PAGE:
EXCHANGE OF MONEY. For the convenience of passengers the Purser is able to exchange a limited amount of English, U.S. and Canadian money at rates which will be advised on application.

FIRE PRECAUTIONS. Passengers are specially requested to exercise care in disposing of cigar and cigarette ends and matches and to make use of the receptacles provided for the purpose in the different parts of the ship, in view of the serious consequences which can arise from carelessness in this respect. Throwing lighted cigarettes, etc., overboard should also be avoided.

FIRE AND LIFEBOAT STATIONS. Passengers are earnestly requested to acquaint themselves with the notice in the staterooms regarding lifeboat and fire stations.
The Captain specially appeals to passengers to assist him by promptly mustering at their appointed stations at all times when passenger boat station muster is being held. Only by immediate attendance at this important muster can passengers obtain the necessary instructions which are so vital to the well-being of all on board. The cooperation of every passenger is earnestly desired.

IMPORTATION OF LIQUOR. A considerable quantity of liquor imported in the baggage of passengers is purchased “ in bond ” at a price below the regular market value in the country of purchase and for that reason attention is called to the fact by the Collector, U.S. Customs Service, that the above market value must be ascertained and declared by the passenger instead of the price actually paid.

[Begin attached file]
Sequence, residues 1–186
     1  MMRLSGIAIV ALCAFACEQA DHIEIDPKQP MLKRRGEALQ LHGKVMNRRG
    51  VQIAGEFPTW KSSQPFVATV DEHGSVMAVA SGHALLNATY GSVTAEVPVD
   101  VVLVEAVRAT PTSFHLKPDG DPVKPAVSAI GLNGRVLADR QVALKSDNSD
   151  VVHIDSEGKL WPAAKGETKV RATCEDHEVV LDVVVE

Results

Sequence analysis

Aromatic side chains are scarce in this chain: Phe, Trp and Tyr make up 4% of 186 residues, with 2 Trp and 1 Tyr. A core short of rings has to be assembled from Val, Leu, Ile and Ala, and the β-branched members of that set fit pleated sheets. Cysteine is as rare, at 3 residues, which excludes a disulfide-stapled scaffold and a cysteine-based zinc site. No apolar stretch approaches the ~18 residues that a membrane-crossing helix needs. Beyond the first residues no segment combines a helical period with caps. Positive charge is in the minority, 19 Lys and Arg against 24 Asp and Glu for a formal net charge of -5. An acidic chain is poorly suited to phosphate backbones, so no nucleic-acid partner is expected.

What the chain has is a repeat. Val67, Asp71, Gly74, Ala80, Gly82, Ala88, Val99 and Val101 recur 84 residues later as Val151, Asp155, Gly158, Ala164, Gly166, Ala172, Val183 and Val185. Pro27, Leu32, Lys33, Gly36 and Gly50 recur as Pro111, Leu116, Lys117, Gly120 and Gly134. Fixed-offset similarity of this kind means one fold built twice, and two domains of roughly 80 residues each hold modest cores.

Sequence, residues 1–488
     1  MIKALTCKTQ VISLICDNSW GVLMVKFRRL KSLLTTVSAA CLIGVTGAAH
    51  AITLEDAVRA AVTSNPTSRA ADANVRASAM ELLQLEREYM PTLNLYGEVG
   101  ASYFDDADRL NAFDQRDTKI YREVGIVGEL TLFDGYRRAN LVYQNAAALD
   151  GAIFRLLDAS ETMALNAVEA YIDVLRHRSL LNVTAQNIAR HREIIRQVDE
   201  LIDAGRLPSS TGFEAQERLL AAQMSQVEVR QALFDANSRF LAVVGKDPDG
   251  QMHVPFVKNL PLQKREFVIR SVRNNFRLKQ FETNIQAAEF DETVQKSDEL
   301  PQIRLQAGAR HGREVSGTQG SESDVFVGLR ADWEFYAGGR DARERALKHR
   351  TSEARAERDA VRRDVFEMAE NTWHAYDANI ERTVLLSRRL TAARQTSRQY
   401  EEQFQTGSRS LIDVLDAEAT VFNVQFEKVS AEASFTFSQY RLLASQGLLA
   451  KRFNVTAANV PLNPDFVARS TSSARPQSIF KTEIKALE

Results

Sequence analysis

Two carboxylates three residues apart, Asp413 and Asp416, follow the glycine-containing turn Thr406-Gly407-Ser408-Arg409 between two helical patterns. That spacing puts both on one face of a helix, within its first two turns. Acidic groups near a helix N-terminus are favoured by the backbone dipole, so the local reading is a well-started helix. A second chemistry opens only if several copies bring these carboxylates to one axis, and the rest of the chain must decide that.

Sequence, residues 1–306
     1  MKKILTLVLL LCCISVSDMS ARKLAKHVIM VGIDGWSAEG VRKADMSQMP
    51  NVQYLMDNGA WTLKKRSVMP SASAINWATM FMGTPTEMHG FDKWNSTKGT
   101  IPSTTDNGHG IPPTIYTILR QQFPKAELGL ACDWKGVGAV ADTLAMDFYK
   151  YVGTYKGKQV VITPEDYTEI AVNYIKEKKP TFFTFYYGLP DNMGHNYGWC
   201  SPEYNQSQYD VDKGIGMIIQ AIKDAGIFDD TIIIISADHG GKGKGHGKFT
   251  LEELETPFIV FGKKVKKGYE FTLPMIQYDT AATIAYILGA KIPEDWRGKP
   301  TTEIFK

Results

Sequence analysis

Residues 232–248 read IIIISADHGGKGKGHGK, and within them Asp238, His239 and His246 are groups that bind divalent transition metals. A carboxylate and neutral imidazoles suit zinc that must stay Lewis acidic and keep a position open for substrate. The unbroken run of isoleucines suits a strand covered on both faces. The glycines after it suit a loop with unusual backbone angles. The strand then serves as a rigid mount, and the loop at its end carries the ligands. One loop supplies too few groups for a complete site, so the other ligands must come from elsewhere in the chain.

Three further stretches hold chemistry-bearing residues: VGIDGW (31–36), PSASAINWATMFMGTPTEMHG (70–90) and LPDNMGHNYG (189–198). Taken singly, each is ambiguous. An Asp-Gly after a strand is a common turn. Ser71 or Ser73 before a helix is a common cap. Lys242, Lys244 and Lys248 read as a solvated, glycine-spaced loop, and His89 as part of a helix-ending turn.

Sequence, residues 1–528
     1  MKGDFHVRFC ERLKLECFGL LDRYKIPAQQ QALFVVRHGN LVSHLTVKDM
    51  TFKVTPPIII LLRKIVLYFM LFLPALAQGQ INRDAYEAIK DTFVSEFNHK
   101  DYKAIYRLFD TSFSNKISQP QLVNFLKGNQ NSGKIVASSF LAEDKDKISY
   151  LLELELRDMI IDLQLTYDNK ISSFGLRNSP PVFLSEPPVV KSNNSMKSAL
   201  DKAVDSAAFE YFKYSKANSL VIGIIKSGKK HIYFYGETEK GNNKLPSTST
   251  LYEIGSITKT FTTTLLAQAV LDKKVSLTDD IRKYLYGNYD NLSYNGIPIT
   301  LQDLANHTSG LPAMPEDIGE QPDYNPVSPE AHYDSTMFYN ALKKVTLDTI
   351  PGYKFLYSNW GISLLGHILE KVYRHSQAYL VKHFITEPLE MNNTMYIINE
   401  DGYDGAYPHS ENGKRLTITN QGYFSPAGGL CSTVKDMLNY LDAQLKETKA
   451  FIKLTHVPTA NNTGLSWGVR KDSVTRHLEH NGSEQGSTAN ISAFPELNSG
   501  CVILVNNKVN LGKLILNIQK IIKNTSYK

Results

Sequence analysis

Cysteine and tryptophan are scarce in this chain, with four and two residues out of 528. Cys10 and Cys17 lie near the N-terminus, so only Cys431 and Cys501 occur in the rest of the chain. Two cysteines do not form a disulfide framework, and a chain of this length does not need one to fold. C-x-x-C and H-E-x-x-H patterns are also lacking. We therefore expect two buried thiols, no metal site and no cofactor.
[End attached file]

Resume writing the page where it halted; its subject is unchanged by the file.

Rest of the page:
LANDING ARRANGEMENTS. The Purser will furnish passengers with a small card, detailing the landing arrangements, before arrival.

LIBRARY. The ship has a fully-equipped library and passengers are invited to borrow the volumes—no charge will be made.

MAIL. Passengers who may expect letters, postal packages, etc., should apply at the Purser’s office, and also leave their addresses so that any mail, etc., arriving after they have landed, can be re-directed,

PASSAGE TICKETS. Passengers are requested to hand their passage tickets to their bedroom stewards as soon as possible after embarkation.

PAYMENTS. Passengers should obtain a receipt on the Company’s form for any payments made on board for additional passage money, rugs, chairs, excess baggage, etc.

PORTHOLES. As it is dangerous for passengers to handle the ports they are requested to ask the bedroom steward to open and close the ports in the staterooms as may be desired.

PROFESSIONAL GAMBLERS are reported as frequently travelling in Atlantic ships and passengers are warned to take precautions accordingly.

RADIO AND CABLE MESSAGES. Information and rates will be supplied by the Radio office.

RADIO RECEIVERS AND ELECTRICAL APPARATUS. Private radio receivers or other electrical apparatus must not be operated or connected to the ship’s electrical supply circuits without official approval, applications for which should be made to the Purser. Passengers using loud-speakers are requested to avoid disturbing their fellow passengers.